According to the New York Times….

Exercise Can Be a Boon to People With Parkinson’s Disease

No kidding…….I have written many times about the benefits of exercise for people with Parkinson’s Disease, as have my fellow Parkinson’s bloggers.  An article in yesterday’s New York Times reiterates much of what I have said before.  The author says: “For Parkinson’s patients in particular, regular exercise tailored to their needs can result in better posture; less stiffness; improved flexibility of muscles and joints; faster and safer walking ability; less difficulty performing the tasks of daily living; and an overall higher quality of life.”  If you are like me and exercise regularly to help improve your symptoms, you already knew that.

I can attest to the benefits of exercise for me, especially since I am returning today from an 18 day cruise.  While I tried to exercise daily, it is hard to maintain a routine while traveling and by the end of the trip I could really feel the difference; my body was just not in sync.  So my body and I are both looking forward to getting back to yoga, boxing and the other activities that keep us moving.

I have found that regular yoga helps with flexibility and balance and boxing builds strength, endurance and agility.  The combination of the two has wIMG_0386orked well for me (and many others).  They make a huge difference in performance in other areas like tennis — better footwork, faster response times and even in seeing the ball better. Most importantly, I just feel better overall.

BUT do not start an exercise program without consulting your doctor first, especially if you have not been exercising.  Your doctor may want you to begin an exercise program by working with a Physical Therapist to establish a baseline for you and to help you learn exercises that will be beneficial for your specific needs.  And don’t forget getting motivated,  Working with a personal trainer provides one kind of motivation through personal attention; group classes provide a different kind of positive social reinforcement.  Find the mix that works best for you.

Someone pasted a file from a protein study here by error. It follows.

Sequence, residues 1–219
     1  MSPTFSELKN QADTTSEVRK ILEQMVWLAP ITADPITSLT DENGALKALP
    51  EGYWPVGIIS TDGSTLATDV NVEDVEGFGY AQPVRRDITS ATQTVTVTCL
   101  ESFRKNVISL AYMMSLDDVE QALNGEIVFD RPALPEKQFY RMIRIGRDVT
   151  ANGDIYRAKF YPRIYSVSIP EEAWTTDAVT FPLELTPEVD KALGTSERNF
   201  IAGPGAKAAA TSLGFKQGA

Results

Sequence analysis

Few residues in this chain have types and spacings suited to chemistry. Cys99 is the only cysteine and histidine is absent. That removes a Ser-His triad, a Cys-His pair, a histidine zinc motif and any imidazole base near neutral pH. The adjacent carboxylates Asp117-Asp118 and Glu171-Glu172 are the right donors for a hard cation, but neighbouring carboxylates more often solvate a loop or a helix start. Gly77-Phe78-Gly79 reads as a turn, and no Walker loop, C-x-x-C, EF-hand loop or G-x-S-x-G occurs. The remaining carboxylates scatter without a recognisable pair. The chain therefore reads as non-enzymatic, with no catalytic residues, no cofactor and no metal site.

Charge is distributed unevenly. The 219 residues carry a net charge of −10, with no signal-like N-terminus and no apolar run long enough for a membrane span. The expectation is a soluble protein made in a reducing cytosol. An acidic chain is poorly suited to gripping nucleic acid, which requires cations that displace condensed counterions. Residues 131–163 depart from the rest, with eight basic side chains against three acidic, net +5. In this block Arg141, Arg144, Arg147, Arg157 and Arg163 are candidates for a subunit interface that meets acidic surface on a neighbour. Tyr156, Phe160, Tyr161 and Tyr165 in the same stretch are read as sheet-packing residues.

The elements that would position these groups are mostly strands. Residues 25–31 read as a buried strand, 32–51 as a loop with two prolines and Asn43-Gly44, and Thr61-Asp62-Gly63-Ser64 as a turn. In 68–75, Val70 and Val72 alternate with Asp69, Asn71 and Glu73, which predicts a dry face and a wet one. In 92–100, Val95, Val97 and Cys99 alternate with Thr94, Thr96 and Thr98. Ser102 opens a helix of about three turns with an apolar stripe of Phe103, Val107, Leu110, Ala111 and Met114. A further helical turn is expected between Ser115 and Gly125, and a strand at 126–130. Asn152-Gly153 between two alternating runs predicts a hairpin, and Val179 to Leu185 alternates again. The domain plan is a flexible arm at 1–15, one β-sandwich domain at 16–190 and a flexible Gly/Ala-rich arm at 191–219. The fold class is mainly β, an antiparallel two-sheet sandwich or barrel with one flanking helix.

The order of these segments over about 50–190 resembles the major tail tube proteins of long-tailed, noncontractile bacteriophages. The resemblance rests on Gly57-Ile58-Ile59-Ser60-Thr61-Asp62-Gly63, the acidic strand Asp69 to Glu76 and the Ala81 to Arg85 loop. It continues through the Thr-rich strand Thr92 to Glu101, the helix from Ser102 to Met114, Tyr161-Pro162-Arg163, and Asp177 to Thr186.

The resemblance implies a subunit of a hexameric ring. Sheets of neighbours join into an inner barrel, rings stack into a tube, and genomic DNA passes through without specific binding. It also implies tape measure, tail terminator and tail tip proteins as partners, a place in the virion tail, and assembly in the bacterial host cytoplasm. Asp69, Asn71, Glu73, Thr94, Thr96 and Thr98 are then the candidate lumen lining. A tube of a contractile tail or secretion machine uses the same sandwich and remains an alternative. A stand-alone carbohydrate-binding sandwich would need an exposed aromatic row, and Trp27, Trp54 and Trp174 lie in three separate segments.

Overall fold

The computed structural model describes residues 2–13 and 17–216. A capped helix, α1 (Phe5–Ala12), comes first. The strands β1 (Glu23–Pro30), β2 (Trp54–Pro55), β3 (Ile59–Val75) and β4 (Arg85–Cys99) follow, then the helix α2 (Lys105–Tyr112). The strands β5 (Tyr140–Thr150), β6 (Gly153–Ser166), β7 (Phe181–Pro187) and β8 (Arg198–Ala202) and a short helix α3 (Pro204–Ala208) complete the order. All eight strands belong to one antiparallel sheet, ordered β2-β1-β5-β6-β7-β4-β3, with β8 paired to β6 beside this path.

And don’t forget to exercise your brain; doing puzzles, playing cards or practicing with a musical instrument.  I may have found a new mental exercise in getting reintroduced to playing Bridge during our cruise. During days at sea we joined the daily beginners classes in the morning, and often played with the group in the afternoon as well.  Bridge, more than any other card game I have played, requires total concentration and attention to the every aspect of the game.  And the game’s conventions have changed dramatically since we learned to play over 40 years ago.   I hope that relearning the game almost from scratch will provide new and fun mental exercise (boxing for the brain??) and improve my mental concentration the way phsyical exercise has helped my body.

Hopefully we will find a way to continue to play Bridge now that we’re home and that it will find its own regular place in my daily or weekly routine (without becoming another Parkinson’s obsession).  Introducing and maintaining changes in those routines while keeping everything in balance is itself a challenge that we should look forward to meeting.hand35-b

One thought on “According to the New York Times….

  1. Carole Ries

    Welcome back from your trip. I was at the gym this morning -setting new goals. You are ahead of me. However, I did take up bridge and do love it!. Hope you will too.

    Like

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